Outliers is an examination of individuals who achieve a level of success – in math, sports, law, or any pursuit, really – so extraordinary that it lies outside the realm of normal experience.
We often think these outliers possess some mysterious innate ability that helps them rise to the top of their fields, but other factors, like family, culture or even birthdates, can have a huge effect on success, too.
If we meet an excellent mathematician, we tend to assume his talent for logical thinking is, at its core, something he was born with. The same goes for professional athletes’ agility, musicians’ sense of rhythm, or computer programmers’ problem-solving skills.
This is because we naturally tend to attribute an individual’s success or achievement to his or her own efforts and innate abilities.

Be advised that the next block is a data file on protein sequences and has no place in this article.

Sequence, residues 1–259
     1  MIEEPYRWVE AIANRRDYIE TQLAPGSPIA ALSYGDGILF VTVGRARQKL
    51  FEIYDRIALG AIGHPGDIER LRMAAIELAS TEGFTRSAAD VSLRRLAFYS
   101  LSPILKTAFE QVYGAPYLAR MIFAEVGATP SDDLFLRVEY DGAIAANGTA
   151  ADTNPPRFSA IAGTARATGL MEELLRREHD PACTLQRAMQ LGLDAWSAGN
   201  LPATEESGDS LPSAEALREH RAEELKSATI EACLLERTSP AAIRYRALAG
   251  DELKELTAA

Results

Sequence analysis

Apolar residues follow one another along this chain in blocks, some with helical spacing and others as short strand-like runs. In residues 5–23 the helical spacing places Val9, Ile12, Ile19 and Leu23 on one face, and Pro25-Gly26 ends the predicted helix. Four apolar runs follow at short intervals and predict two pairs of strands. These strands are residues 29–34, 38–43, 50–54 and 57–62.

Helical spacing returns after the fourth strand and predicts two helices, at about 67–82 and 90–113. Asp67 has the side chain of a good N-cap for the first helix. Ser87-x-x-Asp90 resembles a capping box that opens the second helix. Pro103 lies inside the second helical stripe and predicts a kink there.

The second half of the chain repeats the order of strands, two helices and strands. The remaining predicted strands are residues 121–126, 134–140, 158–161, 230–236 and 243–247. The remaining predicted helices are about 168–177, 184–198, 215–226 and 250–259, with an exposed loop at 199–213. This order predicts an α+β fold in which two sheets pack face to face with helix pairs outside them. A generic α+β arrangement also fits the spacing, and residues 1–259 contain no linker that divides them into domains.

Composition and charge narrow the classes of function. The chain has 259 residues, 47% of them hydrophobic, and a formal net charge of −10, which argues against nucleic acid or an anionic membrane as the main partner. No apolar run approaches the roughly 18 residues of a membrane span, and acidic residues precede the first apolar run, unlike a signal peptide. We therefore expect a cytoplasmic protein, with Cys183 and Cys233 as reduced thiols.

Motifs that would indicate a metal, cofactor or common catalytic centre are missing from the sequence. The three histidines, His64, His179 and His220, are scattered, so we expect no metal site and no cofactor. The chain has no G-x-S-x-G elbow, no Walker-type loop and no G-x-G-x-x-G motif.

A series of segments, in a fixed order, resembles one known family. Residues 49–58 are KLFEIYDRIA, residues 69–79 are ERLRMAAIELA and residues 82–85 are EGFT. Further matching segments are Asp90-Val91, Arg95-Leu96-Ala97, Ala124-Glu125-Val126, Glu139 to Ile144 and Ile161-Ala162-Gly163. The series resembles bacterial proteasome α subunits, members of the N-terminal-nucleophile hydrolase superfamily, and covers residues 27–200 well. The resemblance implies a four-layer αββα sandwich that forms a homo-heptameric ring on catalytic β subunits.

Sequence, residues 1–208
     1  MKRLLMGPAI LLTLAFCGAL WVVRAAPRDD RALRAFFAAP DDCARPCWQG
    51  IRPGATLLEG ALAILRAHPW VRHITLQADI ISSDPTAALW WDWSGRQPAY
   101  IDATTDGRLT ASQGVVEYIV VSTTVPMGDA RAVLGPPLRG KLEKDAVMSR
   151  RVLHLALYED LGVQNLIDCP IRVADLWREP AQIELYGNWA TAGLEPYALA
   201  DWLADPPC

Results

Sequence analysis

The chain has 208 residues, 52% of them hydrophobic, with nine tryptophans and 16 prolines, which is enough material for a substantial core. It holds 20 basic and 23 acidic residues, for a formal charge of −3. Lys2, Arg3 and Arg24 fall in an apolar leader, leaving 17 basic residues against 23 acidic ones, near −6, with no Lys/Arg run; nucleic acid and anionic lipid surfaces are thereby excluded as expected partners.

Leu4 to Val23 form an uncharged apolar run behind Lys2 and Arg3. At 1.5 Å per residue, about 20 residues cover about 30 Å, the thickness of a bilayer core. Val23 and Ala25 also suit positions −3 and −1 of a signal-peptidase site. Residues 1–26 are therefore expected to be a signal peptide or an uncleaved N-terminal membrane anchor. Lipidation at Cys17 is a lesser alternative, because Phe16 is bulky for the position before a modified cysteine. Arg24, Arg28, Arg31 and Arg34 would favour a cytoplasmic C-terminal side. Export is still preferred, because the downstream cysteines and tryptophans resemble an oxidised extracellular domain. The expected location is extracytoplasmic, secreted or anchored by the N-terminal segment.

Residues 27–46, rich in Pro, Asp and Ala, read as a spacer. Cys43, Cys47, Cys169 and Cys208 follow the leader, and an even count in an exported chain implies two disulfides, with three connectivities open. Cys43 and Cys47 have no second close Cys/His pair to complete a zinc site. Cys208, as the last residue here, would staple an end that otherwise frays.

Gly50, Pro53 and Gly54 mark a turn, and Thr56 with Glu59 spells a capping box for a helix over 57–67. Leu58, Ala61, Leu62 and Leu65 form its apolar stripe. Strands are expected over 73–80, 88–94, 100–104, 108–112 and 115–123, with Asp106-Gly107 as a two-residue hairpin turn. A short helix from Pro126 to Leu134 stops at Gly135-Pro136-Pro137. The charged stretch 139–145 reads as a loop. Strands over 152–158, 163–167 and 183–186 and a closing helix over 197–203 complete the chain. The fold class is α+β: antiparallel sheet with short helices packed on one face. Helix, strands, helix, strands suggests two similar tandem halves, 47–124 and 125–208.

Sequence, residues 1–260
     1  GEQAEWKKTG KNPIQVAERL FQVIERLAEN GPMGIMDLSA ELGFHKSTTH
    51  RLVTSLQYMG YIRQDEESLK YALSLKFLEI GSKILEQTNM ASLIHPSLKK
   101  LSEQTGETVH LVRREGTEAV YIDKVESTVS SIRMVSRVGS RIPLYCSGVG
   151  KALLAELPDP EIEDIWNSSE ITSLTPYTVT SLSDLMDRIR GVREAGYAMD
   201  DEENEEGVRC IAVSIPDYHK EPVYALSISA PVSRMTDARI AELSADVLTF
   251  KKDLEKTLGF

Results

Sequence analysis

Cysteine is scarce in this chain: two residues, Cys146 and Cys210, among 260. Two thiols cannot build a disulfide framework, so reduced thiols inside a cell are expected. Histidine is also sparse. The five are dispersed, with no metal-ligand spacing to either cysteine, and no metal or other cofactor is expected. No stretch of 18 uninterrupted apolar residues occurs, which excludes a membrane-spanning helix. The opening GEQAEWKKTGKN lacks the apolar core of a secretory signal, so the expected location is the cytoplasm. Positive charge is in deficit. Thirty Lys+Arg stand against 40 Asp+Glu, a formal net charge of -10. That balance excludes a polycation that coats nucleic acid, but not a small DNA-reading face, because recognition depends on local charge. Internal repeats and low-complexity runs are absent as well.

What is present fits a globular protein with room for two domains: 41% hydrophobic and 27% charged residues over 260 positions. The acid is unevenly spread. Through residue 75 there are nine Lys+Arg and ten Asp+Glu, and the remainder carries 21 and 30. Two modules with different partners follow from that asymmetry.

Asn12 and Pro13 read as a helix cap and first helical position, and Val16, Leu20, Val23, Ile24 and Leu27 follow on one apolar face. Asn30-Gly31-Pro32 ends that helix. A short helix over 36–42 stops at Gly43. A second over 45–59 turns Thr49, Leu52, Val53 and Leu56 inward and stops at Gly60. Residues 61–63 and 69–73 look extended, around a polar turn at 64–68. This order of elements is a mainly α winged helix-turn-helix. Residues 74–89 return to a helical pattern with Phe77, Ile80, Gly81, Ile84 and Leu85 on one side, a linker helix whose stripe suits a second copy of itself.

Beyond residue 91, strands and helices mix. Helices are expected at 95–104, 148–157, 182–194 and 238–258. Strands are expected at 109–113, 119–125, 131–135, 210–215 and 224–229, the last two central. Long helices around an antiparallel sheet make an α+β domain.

When Jeb Bush ran for the governorship of Florida, he called himself a “self-made man” as part of his campaign strategy. This is, frankly, ridiculous; he had two American Presidents, a wealthy Wall Street banker, and a United States senator in his immediate family. Nevertheless, as individualism is so important in our culture, he tried this angle anyway.
Jeb Bush’s achievements make him an outlier – a person who has achieved something statistically extraordinary. But just as Bush’s advantageous background helped him achieve success, so too do less external factors help other outliers rise above the average.
We place such a high value on individuals and their “self-made” achievements that we often willfully ignore other factors.
The “self-made man” is a myth – a very, very popular myth.